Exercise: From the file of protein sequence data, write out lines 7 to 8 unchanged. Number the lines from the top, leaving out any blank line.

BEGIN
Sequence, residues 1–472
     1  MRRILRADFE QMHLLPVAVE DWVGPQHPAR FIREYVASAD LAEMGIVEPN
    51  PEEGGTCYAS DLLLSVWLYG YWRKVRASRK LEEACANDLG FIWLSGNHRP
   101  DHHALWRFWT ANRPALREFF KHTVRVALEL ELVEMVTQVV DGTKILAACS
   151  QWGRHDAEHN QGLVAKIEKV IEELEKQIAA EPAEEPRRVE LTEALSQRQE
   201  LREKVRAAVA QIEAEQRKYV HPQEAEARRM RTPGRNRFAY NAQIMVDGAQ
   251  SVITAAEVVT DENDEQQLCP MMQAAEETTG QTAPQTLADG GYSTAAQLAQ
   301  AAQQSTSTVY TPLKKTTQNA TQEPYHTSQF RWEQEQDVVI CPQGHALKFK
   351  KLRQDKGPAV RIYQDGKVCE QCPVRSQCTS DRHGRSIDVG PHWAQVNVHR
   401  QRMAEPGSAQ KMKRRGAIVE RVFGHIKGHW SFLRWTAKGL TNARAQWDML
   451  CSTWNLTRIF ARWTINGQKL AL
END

   251  SVITAAEVVT DENDEQQLCP MMQAAEETTG QTAPQTLADG GYSTAAQLAQ
   301  AAQQSTSTVY TPLKKTTQNA TQEPYHTSQF RWEQEQDVVI CPQGHALKFK